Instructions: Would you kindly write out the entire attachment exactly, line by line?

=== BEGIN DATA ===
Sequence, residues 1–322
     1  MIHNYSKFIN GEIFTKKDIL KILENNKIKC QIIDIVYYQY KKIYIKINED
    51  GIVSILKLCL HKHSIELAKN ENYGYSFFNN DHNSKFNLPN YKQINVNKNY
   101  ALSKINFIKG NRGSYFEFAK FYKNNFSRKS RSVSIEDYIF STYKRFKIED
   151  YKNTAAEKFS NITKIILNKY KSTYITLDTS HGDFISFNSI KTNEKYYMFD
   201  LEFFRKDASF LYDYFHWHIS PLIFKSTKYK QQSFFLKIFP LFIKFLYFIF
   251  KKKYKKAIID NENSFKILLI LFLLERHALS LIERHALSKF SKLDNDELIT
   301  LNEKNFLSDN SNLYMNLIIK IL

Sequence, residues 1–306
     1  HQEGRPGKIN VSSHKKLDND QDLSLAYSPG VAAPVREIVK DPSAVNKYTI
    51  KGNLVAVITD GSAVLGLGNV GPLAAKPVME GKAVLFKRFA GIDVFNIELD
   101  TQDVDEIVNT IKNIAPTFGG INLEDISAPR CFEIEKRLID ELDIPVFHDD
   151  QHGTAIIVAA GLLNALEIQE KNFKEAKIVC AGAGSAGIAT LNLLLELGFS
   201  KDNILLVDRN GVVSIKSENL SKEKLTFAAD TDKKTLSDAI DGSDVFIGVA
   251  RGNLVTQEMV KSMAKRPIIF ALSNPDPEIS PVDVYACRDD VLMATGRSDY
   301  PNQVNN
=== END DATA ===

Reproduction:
Sequence, residues 1–322
     1  MIHNYSKFIN GEIFTKKDIL KILENNKIKC QIIDIVYYQY KKIYIKINED
    51  GIVSILKLCL HKHSIELAKN ENYGYSFFNN DHNSKFNLPN YKQINVNKNY
   101  ALSKINFIKG NRGSYFEFAK FYKNNFSRKS RSVSIEDYIF STYKRFKIED
   151  YKNTAAEKFS NITKIILNKY KSTYITLDTS HGDFISFNSI KTNEKYYMFD
   201  LEFFRKDASF LYDYFHWHIS PLIFKSTKYK QQSFFLKIFP LFIKFLYFIF
   251  KKKYKKAIID NENSFKILLI LFLLERHALS LIERHALSKF SKLDNDELIT
   301  LNEKNFLSDN SNLYMNLIIK IL

Sequence, residues 1–306
     1  HQEGRPGKIN VSSHKKLDND QDLSLAYSPG VAAPVREIVK DPSAVNKYTI
    51  KGNLVAVITD GSAVLGLGNV GPLAAKPVME GKAVLFKRFA GIDVFNIELD
   101  TQDVDEIVNT IKNIAPTFGG INLEDISAPR CFEIEKRLID ELDIPVFHDD
   151  QHGTAIIVAA GLLNALEIQE KNFKEAKIVC AGAGSAGIAT LNLLLELGFS
   201  KDNILLVDRN GVVSIKSENL SKEKLTFAAD TDKKTLSDAI DGSDVFIGVA
   251  RGNLVTQEMV KSMAKRPIIF ALSNPDPEIS PVDVYACRDD VLMATGRSDY
   301  PNQVNN